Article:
Trusted local news leader for Kingman, Arizona & Mohave County
Thu, Dec. 12

Scott Lander lands in his second Hall of Fame
Kingman High's two-time state golf champion inducted into Southern Nevada HOF for exploits with UNLV golf team

Kingman’s Scott Lander’s 1998 UNLV Rebel golf team at the Southern Nevada Sports Hall of Fame induction June 24 in Las Vegas. From left to right, Darren Dorsey, Casey Whalen, Scott Wingfield,Lander, and Jeremy Anderson is speaking. Team members Chris Berry, Bill Lunde and Charley Hoffman were not present as they are still associated with golf tours. STEVE FOTOVEGAS/Courtesy

Kingman’s Scott Lander’s 1998 UNLV Rebel golf team at the Southern Nevada Sports Hall of Fame induction June 24 in Las Vegas. From left to right, Darren Dorsey, Casey Whalen, Scott Wingfield,Lander, and Jeremy Anderson is speaking. Team members Chris Berry, Bill Lunde and Charley Hoffman were not present as they are still associated with golf tours. STEVE FOTOVEGAS/Courtesy

KINGMAN - When Scott Lander was a boy, golf kept him from working on rooftops with his father.

And it has given him entry into his second hall of fame.

Lander, 37, and his teammates from the 1998 UNLV golf team, the NCAA Division I national champions, were inducted as part of the 2016 Southern Nevada Sports Hall of Fame class. The Rebels were placed into the UNLV Athletics Hall of Fame in 2008.

Led by coach Dwaine Knight, the Rebels gave UNLV only its second national championship. The 1990 men's basketball team won the other. Chris Berry, Bill Lunde, Charley Hoffman and Jeremy Anderson were the starters along with Lander to win it all that year. Daron Dorsey, Scott Wingfield and Christian Thornley were also members of the team.

"It's always an honor. It's a blessing to have the run I had," Lander said. "I was with a bunch of good guys, and it's an honor to have been among them."

Lander's run began as a Kingman kid who would walk from his house on Miami Avenue to Cerbat Cliffs Golf Course. Practicing his pitching there was more inviting than playing with the pitch his dad, Scott Sr., would make him use if he didn't stay devoted to golf.

"I told him, as long as he was serious and didn't goof around, I would let him play," Lander Sr. said. "When he did goof off, I put on him on a roof. That got him taking it seriously back on the course."

Lander's presence at CCGC included being a regular in the Junior Golf Program started by former pro Paul Mowry. He held the championship in every local and state tournament he participated in at one time or another. He had two national wins as a 15-year-old, and three more between the ages of 16 and 18.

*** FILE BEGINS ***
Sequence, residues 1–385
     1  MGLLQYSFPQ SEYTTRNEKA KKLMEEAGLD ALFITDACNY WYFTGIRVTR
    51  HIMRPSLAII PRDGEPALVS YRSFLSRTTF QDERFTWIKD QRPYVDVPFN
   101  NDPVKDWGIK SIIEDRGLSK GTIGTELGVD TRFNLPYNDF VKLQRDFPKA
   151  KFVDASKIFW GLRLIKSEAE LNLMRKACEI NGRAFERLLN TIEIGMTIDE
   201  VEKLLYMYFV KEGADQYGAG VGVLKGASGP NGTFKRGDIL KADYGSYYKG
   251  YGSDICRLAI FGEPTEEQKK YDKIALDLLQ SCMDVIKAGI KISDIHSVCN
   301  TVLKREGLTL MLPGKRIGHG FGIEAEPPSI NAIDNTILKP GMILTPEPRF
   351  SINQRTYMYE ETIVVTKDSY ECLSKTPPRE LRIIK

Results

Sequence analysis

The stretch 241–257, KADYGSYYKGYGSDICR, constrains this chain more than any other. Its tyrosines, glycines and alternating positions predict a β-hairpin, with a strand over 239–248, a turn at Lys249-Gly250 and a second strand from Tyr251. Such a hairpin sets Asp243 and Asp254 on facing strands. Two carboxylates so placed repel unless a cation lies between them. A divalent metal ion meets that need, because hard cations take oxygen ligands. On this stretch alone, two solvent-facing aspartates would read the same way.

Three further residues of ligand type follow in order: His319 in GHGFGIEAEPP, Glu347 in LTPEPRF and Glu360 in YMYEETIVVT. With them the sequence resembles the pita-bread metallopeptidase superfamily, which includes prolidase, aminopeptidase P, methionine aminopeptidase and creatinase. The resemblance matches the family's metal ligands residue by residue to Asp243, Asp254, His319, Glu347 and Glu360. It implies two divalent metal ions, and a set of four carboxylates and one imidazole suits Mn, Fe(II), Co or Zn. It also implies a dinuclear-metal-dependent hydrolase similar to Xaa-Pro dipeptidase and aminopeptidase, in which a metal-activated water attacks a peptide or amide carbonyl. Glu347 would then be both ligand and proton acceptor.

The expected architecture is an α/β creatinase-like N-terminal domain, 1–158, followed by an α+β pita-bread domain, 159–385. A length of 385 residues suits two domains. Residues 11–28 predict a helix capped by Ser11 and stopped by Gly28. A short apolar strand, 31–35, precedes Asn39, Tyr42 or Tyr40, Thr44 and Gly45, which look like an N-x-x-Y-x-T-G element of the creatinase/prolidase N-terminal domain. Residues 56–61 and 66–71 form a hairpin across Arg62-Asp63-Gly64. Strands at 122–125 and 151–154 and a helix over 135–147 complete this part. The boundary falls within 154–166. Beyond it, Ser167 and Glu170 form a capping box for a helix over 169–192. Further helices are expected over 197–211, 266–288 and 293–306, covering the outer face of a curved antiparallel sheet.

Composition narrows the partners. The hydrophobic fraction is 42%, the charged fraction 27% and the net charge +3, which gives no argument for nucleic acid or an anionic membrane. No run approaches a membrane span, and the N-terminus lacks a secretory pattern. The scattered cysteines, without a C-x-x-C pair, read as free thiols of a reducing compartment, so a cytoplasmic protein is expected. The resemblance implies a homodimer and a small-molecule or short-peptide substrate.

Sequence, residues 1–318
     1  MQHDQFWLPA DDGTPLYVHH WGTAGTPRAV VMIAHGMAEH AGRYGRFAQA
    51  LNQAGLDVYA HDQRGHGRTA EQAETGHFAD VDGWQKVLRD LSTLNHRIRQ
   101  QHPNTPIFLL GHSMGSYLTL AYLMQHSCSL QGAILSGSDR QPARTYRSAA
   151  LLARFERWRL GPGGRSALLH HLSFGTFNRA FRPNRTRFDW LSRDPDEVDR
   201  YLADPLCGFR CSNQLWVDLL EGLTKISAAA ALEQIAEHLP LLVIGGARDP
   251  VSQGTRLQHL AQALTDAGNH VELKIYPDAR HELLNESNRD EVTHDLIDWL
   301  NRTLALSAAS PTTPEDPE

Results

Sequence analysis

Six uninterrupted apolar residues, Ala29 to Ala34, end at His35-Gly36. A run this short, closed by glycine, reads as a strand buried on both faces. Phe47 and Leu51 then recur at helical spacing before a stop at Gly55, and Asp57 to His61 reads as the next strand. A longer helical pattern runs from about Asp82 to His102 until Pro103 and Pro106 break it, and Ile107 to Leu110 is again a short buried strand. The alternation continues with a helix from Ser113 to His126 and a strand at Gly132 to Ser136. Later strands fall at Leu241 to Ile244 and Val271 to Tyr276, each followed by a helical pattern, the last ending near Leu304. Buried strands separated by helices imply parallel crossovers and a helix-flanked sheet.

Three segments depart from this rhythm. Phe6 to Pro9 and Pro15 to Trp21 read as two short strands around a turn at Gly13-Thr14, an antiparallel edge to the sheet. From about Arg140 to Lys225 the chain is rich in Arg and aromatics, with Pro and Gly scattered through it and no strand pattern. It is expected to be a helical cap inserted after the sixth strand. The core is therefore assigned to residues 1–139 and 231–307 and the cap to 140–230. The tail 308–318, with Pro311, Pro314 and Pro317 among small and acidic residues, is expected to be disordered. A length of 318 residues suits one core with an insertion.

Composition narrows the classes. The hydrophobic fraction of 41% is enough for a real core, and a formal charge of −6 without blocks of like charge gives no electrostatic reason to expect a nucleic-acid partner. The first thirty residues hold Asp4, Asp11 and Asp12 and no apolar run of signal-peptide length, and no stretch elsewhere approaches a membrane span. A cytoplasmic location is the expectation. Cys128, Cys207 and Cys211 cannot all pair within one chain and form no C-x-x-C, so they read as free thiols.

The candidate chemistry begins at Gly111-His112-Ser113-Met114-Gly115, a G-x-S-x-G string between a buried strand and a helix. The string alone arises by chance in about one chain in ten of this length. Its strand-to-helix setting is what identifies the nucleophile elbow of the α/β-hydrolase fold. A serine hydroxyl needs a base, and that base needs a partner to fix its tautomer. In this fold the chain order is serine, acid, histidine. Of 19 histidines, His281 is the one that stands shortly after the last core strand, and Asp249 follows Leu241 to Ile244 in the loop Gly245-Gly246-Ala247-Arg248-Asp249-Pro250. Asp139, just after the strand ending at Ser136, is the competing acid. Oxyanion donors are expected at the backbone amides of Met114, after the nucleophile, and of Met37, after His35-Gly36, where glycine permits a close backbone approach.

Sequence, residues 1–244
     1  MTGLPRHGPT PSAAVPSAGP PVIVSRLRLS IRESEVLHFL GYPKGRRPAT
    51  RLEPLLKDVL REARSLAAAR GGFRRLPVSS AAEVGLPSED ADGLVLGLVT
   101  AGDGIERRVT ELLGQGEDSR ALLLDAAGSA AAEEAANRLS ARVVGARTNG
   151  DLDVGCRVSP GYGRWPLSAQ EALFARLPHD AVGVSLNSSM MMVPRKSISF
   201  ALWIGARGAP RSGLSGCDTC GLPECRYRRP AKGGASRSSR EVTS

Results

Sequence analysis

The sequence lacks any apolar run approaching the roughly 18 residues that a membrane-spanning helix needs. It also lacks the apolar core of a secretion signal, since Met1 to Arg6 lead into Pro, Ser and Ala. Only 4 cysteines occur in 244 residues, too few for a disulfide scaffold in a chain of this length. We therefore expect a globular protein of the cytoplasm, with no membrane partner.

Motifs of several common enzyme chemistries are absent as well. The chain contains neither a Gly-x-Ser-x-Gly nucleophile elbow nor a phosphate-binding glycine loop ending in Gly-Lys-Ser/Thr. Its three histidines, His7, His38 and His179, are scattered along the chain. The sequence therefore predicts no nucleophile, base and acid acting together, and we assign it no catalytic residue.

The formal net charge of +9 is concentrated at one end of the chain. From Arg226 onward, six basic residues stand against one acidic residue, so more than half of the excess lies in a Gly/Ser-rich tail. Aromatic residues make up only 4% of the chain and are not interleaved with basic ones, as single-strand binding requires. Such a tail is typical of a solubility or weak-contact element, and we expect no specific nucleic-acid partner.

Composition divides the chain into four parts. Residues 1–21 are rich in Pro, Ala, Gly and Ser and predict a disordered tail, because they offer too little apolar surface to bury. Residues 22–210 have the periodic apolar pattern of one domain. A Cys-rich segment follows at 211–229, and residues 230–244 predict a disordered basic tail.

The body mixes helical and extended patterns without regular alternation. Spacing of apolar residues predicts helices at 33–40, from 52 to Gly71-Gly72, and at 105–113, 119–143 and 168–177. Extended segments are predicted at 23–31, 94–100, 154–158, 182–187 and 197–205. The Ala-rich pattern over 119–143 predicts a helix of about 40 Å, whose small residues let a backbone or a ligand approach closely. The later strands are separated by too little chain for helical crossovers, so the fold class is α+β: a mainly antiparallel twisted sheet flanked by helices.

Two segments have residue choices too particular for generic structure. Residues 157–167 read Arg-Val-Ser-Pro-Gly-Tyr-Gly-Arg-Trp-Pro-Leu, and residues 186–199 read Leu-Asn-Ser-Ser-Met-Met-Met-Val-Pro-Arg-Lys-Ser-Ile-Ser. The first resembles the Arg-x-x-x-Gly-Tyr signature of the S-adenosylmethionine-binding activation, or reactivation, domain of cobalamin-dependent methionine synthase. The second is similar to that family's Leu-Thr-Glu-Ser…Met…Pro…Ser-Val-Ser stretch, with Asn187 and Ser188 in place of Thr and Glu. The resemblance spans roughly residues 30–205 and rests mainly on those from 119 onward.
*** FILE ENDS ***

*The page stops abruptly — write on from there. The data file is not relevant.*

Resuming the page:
"Paul got me interested in those days," Lander said. "That spurred me on to play national junior golf, and that got me (hooked)."

Lander was dominant in junior golf and that translated into being a force during his four years as a Bulldog at KHS.

He captured the 4A state championship as freshman in 1992, finished fourth as a sophomore, won again in 1994 and was runner-up his senior year.

Those triumphs led him to UNLV and into two halls of fame. The Rebels broke the record for the lowest total in NCAA Championships history with their 34-under-par and by winning seven out of 15 tournaments played that year. That record was broken two years later by Oklahoma State, but the '98 Rebels still hold the record for lowest score after two rounds at 23-under.

Lander's days at UNLV put him on the course playing with many well-known players.

Teammates Bill Lunde and Charley Hoffman are on the PGA Tour. Hoffman won the 2007 Bob Hope Classic and has five more titles to his credit. Chris Berry caddies on the tour.

Lander was building a solid golf resume before he returned home to Kingman to raise his family and start a real estate business.

He was a four-year starter at UNLV and was a teammate with 2013 Masters champion, Adam Scott. He made the U.S. Palmer Cup team his senior year and suffered only one loss to the team of Great Britain/Ireland. That was to 2010 U.S. Open champion Graeme McDowell.

When UNLV played Clemson, which finished second in 1998 three strokes behind the Rebels, Lander was regularly matched up against Lucas Glover - the 2009 U.S. Open champion. Lander lost to Bubba Watson in a sudden-death playoff of a Rolex Tournament of Champions.

Lander says he doesn't have a whole lot of time for golf much these days with five children and his business. But the game is starting to creep back into his life.

"I have five kids who are starting to get out there," he said. "I don't see myself as ever coaching like Coach Knight, but I'm sure I'd have fun with it. It is something I'd like to give back to the community."

And that would certainly keep him off any rooftops.

Contact
Event Calendar
Event Calendar link
Submit Event

This Week's Circulars

To view money-saving ads

For as little as $3.49*